Skip to main content

First critically endangered Eastern black rhino born in the Western Serengeti

“Lindiwe”, one of the eastern black rhino females relocated from South Africa last year, gave birth to her first calf in June 2020. Original photo as published by the Famagusta Gazette.

Famagusta Gazette | August 24, 2020

Read the original story here.

From a population of approximately 10,000 eastern black rhino in 1970 to less than 1,000 left in the world today, this species is critically endangered. The Grumeti Fund, Singita’s non-profit conservation partner in Tanzania, recently celebrated the birth of a black rhino calf – the first in the region in decades. This calf’s birth represents the culmination of years of hard work, strategic partnerships and the technical ability to successfully relocate black rhino over long distances to new habitats.

Since its inception in 2002, the Grumeti Fund’s main goal has been returning eastern black rhino to the western Serengeti; thereby establishing a founder population that contribute to the genetic pool bolstering the greater Serengeti-Mara ecosystem’s rhino population.

In the 1970s, rampant poaching decimated numbers by 99% and some animals were removed from East Africa, with the intention of saving the species and returning them to their rightful home. Singita Grumeti, a 350,000-acre protected area in the Western Serengeti in Tanzania, has seen a significant reduction in poaching thanks to the Grumeti Fund’s dedicated anti-poaching efforts, which includes a special operations task team of highly-skilled individuals, an intelligence-gathering unit, mobile patrols, a canine unit and an airwing.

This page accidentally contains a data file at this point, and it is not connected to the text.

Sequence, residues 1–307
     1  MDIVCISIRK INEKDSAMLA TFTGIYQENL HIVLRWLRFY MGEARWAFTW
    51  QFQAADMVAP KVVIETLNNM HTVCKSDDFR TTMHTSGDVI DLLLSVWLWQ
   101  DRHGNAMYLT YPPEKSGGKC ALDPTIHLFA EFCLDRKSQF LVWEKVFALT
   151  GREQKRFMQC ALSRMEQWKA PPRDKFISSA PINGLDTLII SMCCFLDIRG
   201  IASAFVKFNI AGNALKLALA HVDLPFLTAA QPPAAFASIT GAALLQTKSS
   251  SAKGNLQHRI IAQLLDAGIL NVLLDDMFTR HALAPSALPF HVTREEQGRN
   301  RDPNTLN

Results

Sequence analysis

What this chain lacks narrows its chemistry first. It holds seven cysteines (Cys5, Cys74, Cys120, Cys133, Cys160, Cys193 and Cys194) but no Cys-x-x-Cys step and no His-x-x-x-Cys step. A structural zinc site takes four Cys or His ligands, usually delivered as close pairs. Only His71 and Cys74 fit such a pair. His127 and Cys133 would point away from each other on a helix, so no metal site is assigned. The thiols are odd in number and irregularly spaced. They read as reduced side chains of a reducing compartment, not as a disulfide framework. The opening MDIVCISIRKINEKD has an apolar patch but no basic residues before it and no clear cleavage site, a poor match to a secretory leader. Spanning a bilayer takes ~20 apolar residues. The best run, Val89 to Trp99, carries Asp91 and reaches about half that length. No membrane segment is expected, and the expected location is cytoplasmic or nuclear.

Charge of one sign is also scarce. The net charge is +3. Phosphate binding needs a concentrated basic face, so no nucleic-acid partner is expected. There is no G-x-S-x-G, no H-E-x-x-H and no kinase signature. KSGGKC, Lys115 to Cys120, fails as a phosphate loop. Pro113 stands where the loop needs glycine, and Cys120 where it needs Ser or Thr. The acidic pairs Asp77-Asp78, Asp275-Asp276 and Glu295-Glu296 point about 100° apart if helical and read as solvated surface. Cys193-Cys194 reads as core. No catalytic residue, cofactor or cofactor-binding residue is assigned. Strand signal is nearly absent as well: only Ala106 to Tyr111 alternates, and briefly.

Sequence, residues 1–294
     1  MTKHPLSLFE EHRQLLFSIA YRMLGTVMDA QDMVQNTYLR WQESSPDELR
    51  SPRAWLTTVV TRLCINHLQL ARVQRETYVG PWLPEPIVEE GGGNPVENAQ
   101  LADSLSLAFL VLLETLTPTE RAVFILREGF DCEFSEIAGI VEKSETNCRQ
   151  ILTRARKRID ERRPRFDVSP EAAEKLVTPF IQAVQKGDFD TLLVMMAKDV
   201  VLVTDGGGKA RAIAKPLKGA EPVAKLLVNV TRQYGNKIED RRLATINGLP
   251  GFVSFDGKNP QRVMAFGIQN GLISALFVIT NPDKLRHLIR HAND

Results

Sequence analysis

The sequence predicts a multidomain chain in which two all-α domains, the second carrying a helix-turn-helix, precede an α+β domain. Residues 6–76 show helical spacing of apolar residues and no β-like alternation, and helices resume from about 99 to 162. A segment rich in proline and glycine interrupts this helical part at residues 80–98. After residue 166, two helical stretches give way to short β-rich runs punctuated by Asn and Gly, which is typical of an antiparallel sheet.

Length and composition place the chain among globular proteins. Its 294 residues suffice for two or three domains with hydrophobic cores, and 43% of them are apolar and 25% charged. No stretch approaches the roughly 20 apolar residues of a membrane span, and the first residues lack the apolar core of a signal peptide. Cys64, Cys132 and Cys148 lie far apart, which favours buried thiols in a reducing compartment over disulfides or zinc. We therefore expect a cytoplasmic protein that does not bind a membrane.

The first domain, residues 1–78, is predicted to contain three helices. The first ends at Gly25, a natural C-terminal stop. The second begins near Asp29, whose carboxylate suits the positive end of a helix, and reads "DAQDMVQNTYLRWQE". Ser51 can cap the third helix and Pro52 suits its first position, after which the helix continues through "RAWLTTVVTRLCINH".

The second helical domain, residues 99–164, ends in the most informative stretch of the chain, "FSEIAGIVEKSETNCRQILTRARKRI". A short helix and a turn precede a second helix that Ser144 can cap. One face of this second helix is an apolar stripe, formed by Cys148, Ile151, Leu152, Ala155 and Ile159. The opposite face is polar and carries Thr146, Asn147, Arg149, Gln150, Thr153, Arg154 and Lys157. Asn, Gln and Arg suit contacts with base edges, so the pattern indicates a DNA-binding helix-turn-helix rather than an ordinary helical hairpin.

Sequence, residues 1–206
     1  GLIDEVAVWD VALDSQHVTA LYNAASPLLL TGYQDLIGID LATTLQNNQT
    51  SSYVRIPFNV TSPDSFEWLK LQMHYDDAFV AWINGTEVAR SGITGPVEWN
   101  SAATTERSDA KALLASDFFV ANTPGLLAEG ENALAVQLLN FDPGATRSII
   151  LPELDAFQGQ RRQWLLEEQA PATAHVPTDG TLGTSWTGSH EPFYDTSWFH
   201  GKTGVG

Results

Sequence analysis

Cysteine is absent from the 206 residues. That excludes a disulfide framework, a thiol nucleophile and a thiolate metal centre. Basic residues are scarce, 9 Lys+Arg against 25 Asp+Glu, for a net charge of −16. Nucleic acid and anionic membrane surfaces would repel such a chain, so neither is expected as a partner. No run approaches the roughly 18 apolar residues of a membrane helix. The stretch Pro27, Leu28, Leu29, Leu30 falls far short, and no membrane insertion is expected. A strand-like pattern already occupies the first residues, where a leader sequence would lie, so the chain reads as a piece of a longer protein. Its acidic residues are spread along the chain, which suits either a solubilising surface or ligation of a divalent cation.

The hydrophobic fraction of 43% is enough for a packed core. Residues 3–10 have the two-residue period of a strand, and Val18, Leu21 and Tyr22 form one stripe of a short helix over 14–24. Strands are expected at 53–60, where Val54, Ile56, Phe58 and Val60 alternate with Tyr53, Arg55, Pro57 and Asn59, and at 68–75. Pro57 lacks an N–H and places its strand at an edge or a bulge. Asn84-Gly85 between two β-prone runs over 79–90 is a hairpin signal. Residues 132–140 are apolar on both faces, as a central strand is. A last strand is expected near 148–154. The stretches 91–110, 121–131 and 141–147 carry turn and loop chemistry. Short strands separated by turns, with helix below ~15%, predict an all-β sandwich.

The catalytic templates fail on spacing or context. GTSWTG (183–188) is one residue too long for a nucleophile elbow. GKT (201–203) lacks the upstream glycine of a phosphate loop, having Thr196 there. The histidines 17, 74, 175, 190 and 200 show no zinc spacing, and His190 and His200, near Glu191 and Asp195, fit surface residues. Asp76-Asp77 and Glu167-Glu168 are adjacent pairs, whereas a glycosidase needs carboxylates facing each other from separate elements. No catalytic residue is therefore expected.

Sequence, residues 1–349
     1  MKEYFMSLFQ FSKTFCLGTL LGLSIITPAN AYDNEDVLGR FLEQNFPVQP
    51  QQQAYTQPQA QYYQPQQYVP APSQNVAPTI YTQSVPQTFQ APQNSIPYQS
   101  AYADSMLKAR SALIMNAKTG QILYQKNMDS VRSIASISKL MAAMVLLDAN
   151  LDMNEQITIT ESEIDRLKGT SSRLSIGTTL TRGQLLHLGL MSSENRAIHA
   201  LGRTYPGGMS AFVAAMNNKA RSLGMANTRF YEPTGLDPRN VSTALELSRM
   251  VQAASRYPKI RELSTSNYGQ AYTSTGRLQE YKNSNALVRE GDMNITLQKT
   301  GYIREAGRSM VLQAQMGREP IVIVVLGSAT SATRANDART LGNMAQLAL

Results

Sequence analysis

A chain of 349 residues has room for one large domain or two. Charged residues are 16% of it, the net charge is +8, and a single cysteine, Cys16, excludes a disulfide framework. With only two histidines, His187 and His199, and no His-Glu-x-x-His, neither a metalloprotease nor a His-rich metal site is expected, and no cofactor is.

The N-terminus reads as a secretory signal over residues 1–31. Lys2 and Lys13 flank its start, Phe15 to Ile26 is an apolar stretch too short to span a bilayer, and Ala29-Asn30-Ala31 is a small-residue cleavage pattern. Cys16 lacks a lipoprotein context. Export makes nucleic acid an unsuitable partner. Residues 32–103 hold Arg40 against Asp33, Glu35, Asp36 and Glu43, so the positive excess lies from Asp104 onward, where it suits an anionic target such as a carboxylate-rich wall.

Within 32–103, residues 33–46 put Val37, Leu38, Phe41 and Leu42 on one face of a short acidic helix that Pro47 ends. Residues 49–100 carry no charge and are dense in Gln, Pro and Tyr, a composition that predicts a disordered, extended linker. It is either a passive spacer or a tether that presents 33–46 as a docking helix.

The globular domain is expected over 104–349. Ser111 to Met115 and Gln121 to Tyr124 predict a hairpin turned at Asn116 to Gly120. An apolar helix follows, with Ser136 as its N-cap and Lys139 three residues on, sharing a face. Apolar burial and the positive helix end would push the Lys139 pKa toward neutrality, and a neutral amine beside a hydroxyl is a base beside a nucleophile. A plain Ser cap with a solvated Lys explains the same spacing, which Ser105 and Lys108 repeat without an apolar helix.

In 2019, the Grumeti Fund, in partnership with government stakeholders – primarily the Ministry of Natural Resources and Tourism and the Tanzania Wildlife Management Authority (TAWA) – translocated a breeding nucleus of rhino from an out-of-range population in South Africa.

Following an arduous journey in crates, trucks and airplanes, nine black rhino arrived safely in Tanzania in September 2019. After a few months acclimatising in rhino bomas (enclosures), they were successfully released in November 2019. Lindiwe – meaning “awaited” – one of the females relocated from South Africa, has given birth to her first calf in June 2020, and the pair are thriving under the watchful eye of the aerial and ground teams.

Now that the annual wildebeest migration has moved into the area – with well-fed predators and grasses low – monitoring the mother and calf is easier and the risk of predation is reduced. The wellbeing of the animals is the full-time job of the rhino monitoring team – a combination of Grumeti Fund and TAWA personnel. Aerial and mobile units track the rhino regularly, logging their locations in EarthRanger (the real-time data visualisation platform developed by Vulcan Inc.) that collects data on assets, incidents and wildlife reports across the protected area.

“We hope that a few more calves will be born. The speed at which their numbers are rebounding is very encouraging,” said Stephen Cunliffe, Executive Director of the Grumeti Fund. “There have been hardships along the way, but it’s all worth the significant effort and investments of donor funding because, at this point, the population is increasing. To all who have been a part of this ambitious and visionary project, thank you! You are part of a great comeback story.”

Plans to translocate the next group of black rhino to Grumeti in 2020 have been derailed by the Covid-19 pandemic. However, the next phase will take place in 2021. The steady growth of the new satellite population at Singita Grumeti is essential to their future survival.